(Balloon Experiments with Amateur Radio)
A view from near space and SABLE-3 at 117,597 feet, August 11th - 2007
Near space is within the Stratosphere and Ozone layers, from 75,000 feet to the beginning of space at 62.5 miles. The earth's curvature and thin blue layer of atmosphere hugging the earth can easily be seen from here and at 117,000 ft. the horizon is at 460 miles, rather then only 2-3 miles when standing at ground level. The air pressure is <1% of that at sea level and with so little atmosphere there is next to no filtering of cosmic rays or ultraviolet light, blue sun light is not scattered so the sky is inky black, stars are visible, and there's no weather so always bright and sunny, but very cold at -60 to -90 degrees Fahrenheit.
A few friends and myself decided to start launching high altitude balloons with experimental amateur radio payloads which we nicknamed BEAR (Balloon Experiments with Amateur Radio) after watching others do this and seeing no reason why they should have all the fun. We are not a club or official group, but simply a few individual amateur radio operators with similar interests, a common goal and hope that our BEAR projects, which anyone is welcome to participate in, will help promote education, experimentation and camaraderie between all amateurs and amateur radio clubs in the area.
An APRS tracker is essential to track and recover balloon payloads and our first flight, BEAR-1, was to confirm the GPS receiver chosen for our tracker would work above the 60,000 ft. ITAR altitude limit. BEAR-2 included a cross-band repeater and future flights are planned with cameras and other equipment.
August 2009 - It's been 9 years since BEAR-2 and some have asked if the BEAR group is still active. It is, but it's not an official group and simply myself that enjoys building payload packages, a few others that enjoy helping launch, track and recover them and a number more that enjoy simply watching. So progress is slow with only myself building payloads, especially with all the other projects and things I'm involved with. Progressing slowly has been good however. Digital cameras were new and much too expensive for any of us to risk using in 2000, but they've become inexpensive and capable of much higher resolution images now. And video cameras used to be not only too expensive, but also too large and heavy and have very short recording times, but not only have they now become much smaller, lighter weight, inexpensive and have much longer recording times, but even capable of transmitting real time video from high altitude balloon flights.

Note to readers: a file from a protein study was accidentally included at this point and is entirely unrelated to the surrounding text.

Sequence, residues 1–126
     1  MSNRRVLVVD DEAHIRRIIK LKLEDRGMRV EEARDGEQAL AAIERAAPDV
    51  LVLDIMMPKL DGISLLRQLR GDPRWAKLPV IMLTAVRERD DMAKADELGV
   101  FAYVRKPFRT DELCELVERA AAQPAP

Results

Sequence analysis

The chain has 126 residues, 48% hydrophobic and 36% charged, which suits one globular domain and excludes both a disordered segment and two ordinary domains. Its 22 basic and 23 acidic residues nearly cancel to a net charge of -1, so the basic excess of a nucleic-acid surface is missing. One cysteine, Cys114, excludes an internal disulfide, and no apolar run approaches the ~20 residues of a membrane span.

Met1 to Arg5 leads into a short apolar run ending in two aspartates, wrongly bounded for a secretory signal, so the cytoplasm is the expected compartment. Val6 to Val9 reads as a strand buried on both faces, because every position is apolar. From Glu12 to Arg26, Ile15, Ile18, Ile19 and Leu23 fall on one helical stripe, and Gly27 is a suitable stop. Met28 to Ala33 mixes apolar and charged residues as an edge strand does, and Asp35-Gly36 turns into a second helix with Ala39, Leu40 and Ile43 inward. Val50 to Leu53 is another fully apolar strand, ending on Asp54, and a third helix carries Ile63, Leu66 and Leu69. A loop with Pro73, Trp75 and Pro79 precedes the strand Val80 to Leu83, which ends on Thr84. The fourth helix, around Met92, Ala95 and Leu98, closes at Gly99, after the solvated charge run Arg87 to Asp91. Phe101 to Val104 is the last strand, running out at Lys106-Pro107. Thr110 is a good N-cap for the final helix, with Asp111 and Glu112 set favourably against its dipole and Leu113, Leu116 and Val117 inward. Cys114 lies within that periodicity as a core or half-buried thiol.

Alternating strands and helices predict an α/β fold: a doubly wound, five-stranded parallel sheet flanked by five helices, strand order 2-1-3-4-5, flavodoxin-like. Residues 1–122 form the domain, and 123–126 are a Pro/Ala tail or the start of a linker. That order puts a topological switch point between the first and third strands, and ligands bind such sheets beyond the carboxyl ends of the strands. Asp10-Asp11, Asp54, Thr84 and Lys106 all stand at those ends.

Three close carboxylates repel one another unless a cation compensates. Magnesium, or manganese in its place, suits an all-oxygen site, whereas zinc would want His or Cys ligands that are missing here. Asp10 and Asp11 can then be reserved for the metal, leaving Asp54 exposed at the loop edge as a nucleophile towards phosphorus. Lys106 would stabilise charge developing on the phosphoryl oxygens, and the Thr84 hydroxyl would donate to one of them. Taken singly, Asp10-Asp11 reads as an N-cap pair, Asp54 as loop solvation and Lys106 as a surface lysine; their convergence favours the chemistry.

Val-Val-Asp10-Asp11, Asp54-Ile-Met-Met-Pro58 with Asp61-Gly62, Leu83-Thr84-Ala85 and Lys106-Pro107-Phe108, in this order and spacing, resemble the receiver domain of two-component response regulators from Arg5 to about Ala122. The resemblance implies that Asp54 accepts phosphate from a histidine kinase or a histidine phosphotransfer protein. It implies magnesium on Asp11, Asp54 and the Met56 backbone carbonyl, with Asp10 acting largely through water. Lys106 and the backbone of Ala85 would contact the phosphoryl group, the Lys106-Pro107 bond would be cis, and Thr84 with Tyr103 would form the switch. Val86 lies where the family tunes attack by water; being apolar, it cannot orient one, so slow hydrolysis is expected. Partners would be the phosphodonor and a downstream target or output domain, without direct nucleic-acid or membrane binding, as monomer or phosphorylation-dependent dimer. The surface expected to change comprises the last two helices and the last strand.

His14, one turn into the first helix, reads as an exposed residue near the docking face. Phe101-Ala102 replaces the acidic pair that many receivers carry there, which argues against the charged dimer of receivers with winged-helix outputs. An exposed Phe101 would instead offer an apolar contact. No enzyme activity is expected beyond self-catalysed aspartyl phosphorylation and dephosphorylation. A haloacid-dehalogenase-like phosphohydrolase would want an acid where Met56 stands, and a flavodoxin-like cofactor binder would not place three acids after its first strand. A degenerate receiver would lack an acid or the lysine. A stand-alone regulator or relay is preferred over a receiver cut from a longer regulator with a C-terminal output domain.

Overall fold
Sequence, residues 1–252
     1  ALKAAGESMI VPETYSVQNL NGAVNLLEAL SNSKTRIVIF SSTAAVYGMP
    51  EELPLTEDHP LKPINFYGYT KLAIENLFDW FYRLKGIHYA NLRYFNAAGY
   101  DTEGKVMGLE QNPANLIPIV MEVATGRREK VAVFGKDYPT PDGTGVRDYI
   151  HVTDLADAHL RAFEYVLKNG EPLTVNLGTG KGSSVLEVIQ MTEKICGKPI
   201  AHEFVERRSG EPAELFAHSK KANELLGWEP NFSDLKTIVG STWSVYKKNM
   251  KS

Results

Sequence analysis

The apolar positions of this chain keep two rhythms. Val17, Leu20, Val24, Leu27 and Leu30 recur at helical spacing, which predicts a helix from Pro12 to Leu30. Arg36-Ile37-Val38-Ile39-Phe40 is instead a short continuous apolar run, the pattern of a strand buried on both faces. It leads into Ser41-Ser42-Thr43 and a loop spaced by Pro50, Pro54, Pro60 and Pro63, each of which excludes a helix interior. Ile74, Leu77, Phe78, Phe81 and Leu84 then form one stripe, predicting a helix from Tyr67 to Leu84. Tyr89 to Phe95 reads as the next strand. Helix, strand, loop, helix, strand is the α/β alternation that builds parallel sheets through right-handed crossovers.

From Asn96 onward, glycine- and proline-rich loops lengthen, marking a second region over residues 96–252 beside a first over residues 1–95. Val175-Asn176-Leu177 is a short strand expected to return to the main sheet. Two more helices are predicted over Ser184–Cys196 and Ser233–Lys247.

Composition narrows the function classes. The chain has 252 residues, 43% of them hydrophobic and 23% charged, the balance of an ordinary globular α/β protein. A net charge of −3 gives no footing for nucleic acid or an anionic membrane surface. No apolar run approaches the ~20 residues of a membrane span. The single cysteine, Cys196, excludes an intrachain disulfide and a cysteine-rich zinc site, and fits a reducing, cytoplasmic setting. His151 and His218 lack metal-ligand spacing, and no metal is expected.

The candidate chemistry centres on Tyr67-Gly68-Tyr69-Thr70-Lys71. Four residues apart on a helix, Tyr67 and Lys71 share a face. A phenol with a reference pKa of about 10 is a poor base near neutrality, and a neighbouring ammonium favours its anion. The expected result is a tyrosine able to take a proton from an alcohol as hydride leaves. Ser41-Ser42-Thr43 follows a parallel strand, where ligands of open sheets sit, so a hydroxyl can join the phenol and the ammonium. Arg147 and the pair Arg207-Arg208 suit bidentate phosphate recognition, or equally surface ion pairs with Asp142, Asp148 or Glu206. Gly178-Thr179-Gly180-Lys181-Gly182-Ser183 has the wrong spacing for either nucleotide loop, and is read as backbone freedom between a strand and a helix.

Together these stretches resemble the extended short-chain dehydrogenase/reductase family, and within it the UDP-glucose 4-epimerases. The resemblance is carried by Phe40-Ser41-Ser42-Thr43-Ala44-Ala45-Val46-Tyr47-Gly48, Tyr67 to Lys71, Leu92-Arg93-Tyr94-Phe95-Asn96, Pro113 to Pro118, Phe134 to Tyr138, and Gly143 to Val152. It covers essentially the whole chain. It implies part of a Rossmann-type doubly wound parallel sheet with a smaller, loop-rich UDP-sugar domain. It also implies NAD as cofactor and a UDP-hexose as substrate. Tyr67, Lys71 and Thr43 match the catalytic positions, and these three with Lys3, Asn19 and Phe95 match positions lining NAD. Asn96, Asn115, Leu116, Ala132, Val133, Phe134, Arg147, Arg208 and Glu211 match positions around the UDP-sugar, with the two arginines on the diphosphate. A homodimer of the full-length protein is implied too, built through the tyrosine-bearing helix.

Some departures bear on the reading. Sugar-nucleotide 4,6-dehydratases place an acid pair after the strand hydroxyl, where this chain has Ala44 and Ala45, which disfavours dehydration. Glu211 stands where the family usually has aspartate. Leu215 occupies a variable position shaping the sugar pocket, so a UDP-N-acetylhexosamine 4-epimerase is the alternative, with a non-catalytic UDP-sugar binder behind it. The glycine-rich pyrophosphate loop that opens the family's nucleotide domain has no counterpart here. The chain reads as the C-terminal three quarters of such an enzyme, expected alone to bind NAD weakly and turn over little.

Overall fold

|Balloon||Total Payload (+)||Distance Travelled|
|Kg||Lbs||Point to Point||Ground Path|
|May 27, 2000||BEAR-1||1st Flight||4:34||104,206||1200g (1)||0.977 Kg||2.15 Lbs||76.2 Miles||106.8 Miles|
|Aug 5, 2000||BEAR-2||2:48||99,481||1200g (1)||1.564 Kg||3.45 Lbs||53.8 Miles||71.1 Miles|
|May 20, 2006 - SABLE-1
July 8, 2006 - SABLE-2
August 11, 2007 - SABLE-3
|Visit the SABLE Home Page for these and other SABLE flights
that BEAR members assisted with.
|May 2008||TBJ 2008||TBJ - The largest balloon launch most of us could ever hope to be involved with.|
|Aug 22, 2009||BEAR-3||2:39||116,387||1500g (2)||.0958 Kg||0.21 Lbs||47.7 Miles|
|Aug 24, 2009||BEAR-4||HD Video||3:56||107,145||1200g (2)||1.500 Kg||3.31 Lbs||89.0 Miles|
|April 24, 2010||BEAR-5||1st UoA||2:51||92,359||≈2000g (2)||0.228 Kg||0.50 Lbs||14.1 Miles||41.5 Miles|
|May 16, 2010||TBJ 2010|| We were once again at TBJ to help with tracking and recovery operations,
however we also became involved with preparing and the launch the balloon this time.
|BEAR-6||2:23||114,635||1000g (1)||0.370 Kg||0.82 Lbs||33.7 Miles||42.1 Miles|
|May 29, 2010||SABLE-4||3:14||110,219||1500g (1)||0.772 Kg||1.70 Lbs||61.1 Miles||83.5 Miles|
|July 8, 2010||BEAR 7||UofA||1:59||93,917||1000g (1)||1.420 Kg||3.13 Lbs||34.5 Miles|
|July 15, 2010||BEAR 8||UofA||1:47||91,952||1000g (1)||1.986 Kg||4.38 Lbs||40.0 Miles||52.6 Miles|
|Oct 2, 2010||ABE-1||103,533||1200g (1)|
|May 14, 2011||ABE-2||99,770||1200g (1)|
|June 18, 2011||SABLE-5||1500g (1)|
|Feb 11, 2012||BEAR-9||4x5 #1||2:44||118,146||1600g (3)||2.2 Kg||4.85 Lbs||31.2 Miles|
|Feb 13, 2012||BEAR-10||4x5 #2||??||??||1600g (3)||2.1 Kg||4.63 Lbs||19.1 Miles||??|
|May 15, 2013||BEAR-11||4x5 #3||2:12||118,195||1600g (3)||3.0 Kg||6.61 Lbs|
|May 17, 2013||BEAR-12||4x5 #4||2:17||121,633||1600g (3)||2.8 Kg||6.17 Lbs|
|May 20, 2013||BEAR-13||4x5 #5||2:46||121,525||1600g (3)||2.8 Kg||6.17 Lbs|
|Aug 24, 2013||BEAR-14||Genesis #1||1200g (2)|
|Jan 18, 2014||BEAR-15||Genesis #2||101,742||1200g (2)|
|Notes:||(1) Kaymont Balloon with Helium
(2) Kaymont Balloon with Hydrogen
(3) Hwoyee Balloon with Hydrogen
(+) Total Payload Weight includes all payload packages, parachute and connecting lines.
|We've used Hydrogen that's ≈$60/bottle since 2008 after the cost of Helium rose to $280 from $80/bottle the year before
(other than when helping a school or similar group with a flight that had purchased or had Helium donated.)
|Tweets by @BEAR_HAB|
Information and pages on this site © Copyright 2004 by Barry Sloan - VE6SBS